¶10 Shortly thereafter, Grendy came out of the house and was taken into custody. Officers testified that she was frantic, crying and shaking, and left the house at a fast-paced walk or jog. Torres remained inside the house and fired a third shot into the bedroom floor. He then surrendered himself to police.
¶11 Officer Dorothy Browder took Grendy to the Flathead County Sheriff's Office, where the two spoke as they awaited the arrival of a detective. Grendy stated in English that Torres told her he wanted to show people he had a big gun. She also stated that she had been afraid she would die that night and wanted help returning to Costa Rica.
¶12 An officer also interviewed Torres at the station. Torres said that Grendy did not seem to want to leave Marina's house that day and acknowledged that she may have said so, but said that he grabbed her firmly by the arm and led her to the car. He stated that he had not harmed anyone and did not believe there was any reason for law enforcement to become involved in the situation. When asked about his use of the firearm, he explained that he fired the first shot because he wanted Grendy to understand the severity of the situation she had caused. He also grabbed Grendy and held her close because Officer Ottosen was pointing a rifle at the house and Torres was "unsure of the situation." He stated that the second and third shots were accidental and not directed at the officers or at anyone else. He said he was not intending to hurt himself, but was trying to send a message to Grendy that this was a "serious situation."
¶13 On May 29, 2009, the following day, Grendy provided a full statement to Detective Kirby Adams and Deb Knaff, a victim's advocate. She stated that Torres had taken her from Marina's home against her will. She also stated that, while driving in the Subaru, Torres had been hitting her and pushed her head into the windshield, causing the first small crack. He then punched the windshield in frustration and anger, causing the larger break.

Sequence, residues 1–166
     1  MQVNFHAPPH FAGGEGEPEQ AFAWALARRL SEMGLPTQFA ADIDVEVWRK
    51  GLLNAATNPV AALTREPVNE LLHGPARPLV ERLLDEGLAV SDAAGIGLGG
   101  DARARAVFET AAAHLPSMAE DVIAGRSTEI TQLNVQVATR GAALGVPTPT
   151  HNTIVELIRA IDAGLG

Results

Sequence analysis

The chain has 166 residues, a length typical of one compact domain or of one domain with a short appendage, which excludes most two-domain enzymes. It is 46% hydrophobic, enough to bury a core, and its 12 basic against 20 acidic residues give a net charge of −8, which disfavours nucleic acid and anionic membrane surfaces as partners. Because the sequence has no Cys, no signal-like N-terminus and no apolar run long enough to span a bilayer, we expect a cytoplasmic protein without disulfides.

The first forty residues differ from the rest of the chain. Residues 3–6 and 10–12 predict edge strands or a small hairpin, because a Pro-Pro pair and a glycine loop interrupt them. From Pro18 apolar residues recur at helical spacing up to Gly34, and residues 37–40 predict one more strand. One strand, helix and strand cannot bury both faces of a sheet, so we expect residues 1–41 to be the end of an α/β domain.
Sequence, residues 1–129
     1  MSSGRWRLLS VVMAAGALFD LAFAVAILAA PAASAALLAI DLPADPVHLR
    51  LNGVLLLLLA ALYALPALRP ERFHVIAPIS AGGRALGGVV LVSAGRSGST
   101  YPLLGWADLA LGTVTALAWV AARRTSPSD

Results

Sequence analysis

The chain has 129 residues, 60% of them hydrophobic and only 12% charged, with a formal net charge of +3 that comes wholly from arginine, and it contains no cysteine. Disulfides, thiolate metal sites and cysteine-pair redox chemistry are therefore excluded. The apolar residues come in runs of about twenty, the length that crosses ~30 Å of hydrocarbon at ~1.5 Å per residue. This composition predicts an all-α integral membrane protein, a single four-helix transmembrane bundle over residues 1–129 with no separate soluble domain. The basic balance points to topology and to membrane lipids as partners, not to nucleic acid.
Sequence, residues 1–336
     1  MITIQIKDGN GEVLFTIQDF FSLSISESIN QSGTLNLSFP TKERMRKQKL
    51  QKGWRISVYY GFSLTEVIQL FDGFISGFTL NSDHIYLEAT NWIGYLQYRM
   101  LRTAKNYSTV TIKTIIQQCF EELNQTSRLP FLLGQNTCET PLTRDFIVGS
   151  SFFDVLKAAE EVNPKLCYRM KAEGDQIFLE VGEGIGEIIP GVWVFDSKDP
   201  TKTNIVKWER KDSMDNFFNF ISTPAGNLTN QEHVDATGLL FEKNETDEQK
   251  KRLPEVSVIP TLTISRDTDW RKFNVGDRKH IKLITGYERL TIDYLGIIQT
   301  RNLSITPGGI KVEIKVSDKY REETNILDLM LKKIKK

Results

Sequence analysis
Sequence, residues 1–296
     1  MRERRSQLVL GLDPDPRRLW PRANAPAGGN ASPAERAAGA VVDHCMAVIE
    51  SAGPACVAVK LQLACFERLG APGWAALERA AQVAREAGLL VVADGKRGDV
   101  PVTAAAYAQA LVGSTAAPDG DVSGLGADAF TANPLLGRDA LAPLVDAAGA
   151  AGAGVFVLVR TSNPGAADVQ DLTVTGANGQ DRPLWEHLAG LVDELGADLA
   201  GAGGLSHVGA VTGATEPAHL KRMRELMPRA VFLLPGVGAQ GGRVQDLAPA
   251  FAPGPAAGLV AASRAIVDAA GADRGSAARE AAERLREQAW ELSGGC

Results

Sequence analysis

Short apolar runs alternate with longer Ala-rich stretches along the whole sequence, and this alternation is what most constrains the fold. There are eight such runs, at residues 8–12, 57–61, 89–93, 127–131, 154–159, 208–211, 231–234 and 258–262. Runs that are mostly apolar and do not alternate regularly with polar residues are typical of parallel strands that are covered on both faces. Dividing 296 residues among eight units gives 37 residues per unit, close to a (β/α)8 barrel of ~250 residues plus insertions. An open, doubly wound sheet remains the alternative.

¶14 At Torres's January 2011 jury trial, however, Grendy provided a different account of those events. Grendy testified that she willingly departed Marina's house with Torres and that they were holding hands as they left. Marina similarly changed her account at trial. Asked whether Grendy left the house willingly or by force, she responded, "half and half." Grendy also changed her account of the events that occurred while driving in the Subaru. She testified that she had been "pushing [Torres], hitting him and pulling him" and that she "slipped from pulling and hit her head" on the windshield, since she was not wearing a seatbelt. She testified that Torres then punched the windshield because he "felt bad because I hit my head[.]" A copy of Torres's interview was entered into evidence and played for the jury.
¶15 On January 14, 2011, following five days of trial, the jury convicted Torres of four felonies: aggravated assault, burglary, criminal endangerment, and assault on a peace officer. On February 7, 2012, the District Court entered judgment and sentenced Torres ...